OK, gents, The Art Love Doctor is IN! You’re pressed for time and short on ideas for buying that perfect Valentine’s Day gift for your lady. Somewhere in the recesses of your mind, a slide from that art appreciation class you took as an elective in college rises before you—Gustav Klimt’s 1907-1908 painting The Kiss. Eureka! She loves art! You hustle down to the poster store and find a copy of The Kiss suitable for framing. Mission accomplished? WRONG!
First of all, Klimt’s The Kiss is one of the most overused Valentine’s Day ploys ever ployed, ranking right up there with those teddy bears wearing masks and a tiny “Gangster of Love” t-shirt. Second of all, stand back and take a good, long look at The Kiss for a moment. Are they really kissing? Nope, no liplock achieved. Actually, it looks like he’s trying to eat her face as she turns away. But perhaps I’m misreading the dynamic, you suggest? Look at their feet, specifically hers. She’s kneeling on a precipice, ready to take the plunge, and I don’t mean marriage. It’s as if he’s pushing her over the edge. He’s kissing her deadly, and that may not be the message you want to convey to your intended love. It’s a funny Valentine. “Funny, how?” you ask, hopefully not channeling Joe Pesci from Goodfellas. Funny in that she may laugh at how predictable you are and then funny in that she may wonder exactly what you’re saying.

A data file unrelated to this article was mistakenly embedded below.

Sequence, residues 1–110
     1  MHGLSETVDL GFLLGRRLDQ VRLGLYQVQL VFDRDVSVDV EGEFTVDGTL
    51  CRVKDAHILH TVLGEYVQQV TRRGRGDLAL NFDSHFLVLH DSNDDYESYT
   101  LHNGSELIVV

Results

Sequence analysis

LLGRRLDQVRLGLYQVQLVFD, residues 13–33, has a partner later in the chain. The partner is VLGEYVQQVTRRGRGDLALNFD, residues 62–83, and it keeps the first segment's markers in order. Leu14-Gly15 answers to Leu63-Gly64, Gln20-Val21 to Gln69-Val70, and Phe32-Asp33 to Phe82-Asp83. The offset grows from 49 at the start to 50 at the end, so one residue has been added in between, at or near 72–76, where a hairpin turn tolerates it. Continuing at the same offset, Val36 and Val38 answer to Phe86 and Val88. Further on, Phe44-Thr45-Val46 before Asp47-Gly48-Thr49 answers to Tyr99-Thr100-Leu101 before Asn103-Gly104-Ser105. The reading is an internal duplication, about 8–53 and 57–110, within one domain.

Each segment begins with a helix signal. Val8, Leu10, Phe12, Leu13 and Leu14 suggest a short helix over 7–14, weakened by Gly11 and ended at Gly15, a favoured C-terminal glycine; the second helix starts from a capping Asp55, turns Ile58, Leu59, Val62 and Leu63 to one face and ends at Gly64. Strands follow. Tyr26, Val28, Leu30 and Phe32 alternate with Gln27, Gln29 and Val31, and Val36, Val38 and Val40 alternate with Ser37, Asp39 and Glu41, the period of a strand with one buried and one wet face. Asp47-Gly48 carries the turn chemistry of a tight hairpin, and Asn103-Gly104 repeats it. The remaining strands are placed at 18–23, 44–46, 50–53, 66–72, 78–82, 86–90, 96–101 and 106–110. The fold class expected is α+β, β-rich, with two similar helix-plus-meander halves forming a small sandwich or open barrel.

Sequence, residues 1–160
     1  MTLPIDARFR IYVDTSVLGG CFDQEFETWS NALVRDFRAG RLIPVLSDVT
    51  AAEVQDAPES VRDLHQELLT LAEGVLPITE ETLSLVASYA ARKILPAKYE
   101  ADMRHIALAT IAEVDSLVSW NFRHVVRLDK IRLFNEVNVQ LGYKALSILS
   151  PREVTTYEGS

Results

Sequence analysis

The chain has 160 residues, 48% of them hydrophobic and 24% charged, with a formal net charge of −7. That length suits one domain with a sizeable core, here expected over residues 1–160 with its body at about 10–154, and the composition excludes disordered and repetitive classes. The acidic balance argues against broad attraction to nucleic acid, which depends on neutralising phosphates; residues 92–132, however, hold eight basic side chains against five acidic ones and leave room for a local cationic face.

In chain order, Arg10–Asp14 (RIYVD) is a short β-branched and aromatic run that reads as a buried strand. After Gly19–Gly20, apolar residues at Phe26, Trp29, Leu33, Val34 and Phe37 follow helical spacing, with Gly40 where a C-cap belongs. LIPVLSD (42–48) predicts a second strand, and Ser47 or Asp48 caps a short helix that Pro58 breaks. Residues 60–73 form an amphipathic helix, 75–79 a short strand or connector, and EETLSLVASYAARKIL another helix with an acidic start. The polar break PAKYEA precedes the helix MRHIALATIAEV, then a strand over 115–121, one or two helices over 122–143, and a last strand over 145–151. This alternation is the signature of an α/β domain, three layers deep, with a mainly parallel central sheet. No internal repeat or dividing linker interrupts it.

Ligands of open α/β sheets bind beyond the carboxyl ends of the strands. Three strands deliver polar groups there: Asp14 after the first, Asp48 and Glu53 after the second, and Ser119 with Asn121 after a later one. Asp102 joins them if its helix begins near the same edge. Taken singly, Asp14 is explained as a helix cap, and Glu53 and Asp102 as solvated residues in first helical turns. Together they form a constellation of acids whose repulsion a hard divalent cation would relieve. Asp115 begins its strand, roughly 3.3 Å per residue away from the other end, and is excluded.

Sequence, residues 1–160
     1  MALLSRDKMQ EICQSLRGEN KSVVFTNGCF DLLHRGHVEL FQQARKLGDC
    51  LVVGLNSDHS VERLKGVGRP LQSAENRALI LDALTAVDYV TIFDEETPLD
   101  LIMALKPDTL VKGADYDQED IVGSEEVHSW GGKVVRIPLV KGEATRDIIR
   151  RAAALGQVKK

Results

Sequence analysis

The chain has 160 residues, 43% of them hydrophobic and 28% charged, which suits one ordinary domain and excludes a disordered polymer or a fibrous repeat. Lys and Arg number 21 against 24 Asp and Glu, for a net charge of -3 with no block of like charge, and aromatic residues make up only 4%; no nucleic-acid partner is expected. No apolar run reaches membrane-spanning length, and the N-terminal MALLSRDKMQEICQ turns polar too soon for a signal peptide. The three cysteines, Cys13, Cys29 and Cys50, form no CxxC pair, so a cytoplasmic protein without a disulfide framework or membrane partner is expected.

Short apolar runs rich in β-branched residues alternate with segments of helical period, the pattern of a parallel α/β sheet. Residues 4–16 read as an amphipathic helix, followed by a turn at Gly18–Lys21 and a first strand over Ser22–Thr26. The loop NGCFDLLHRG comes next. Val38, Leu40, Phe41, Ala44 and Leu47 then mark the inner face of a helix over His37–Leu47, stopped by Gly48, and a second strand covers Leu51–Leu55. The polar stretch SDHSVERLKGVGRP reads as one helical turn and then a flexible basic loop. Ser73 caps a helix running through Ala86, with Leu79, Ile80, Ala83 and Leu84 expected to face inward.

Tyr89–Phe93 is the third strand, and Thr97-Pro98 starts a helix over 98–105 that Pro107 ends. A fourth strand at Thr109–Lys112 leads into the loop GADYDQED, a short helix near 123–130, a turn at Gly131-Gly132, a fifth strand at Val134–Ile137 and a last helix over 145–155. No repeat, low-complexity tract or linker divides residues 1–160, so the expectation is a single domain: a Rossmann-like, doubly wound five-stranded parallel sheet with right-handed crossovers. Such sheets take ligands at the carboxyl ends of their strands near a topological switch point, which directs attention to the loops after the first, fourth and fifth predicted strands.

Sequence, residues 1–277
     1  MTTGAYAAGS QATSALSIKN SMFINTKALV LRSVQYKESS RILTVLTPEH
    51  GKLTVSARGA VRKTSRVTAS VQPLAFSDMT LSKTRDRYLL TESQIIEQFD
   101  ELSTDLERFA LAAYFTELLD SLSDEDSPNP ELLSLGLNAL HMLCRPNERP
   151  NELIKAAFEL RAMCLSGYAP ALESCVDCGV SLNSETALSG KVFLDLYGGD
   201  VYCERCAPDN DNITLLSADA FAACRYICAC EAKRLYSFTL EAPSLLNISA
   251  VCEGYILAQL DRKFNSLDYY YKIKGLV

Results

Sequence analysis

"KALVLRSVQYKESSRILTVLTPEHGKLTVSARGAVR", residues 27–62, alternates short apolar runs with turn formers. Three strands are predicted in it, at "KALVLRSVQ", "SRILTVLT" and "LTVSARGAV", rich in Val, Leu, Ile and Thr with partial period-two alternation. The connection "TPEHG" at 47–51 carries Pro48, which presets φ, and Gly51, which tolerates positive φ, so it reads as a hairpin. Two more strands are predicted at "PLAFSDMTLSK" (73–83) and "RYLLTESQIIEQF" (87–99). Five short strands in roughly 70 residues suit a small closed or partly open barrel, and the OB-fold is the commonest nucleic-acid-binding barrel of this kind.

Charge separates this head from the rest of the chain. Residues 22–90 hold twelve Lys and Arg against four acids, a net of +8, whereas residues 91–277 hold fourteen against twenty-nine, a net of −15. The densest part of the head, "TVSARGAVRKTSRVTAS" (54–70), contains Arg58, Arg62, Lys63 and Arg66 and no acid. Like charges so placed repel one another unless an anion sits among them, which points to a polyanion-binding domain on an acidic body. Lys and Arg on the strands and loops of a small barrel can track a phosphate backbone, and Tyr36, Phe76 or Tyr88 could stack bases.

When you look at The Kiss with fresh eyes, you still see an amazing painting, but you also see Klimt’s dark side—the one that Raul Ruiz emphasized in the 2006 film, Klimt, starring John Malkovich. The romance fades a bit when you recognize the influence of Klimt’s syphilitic fever brain. But if you still want to say it with Klimt, I have a much better suggestion—The Embrace (aka Fulfillment, 1905-1909).
In The Embrace, both members of the couple stand as equals. If anything, the woman supports the man with her strength. Also, the symbolism of Klimt’s decorative robes indicates an integration of souls that The Kiss does not. In The Kiss, the man’s robe of squared shapes stands in contrast to the woman’s robe of circular objects—and even threatens to engulf the woman’s form. In The Embrace, the squares and circles of the robes melt together, symbolizing the union of male and female, the marriage of true minds (Shakespeare, another can’t miss V-Day gambit). And, by the way, when you present your beloved with The Embrace, you can wow her with such sensitive details as coming from your own noggin. I won’t tell. Now, isn’t that better than giving her The Kiss and saying, “Here’s where he tries to push her off the cliff”?
So, get out there and go beyond the stereotype of the clueless male on Valentine’s Day. Please share your tales of success in the comments. If nothing else, it’ll validate my credentials as The Art Love Doctor…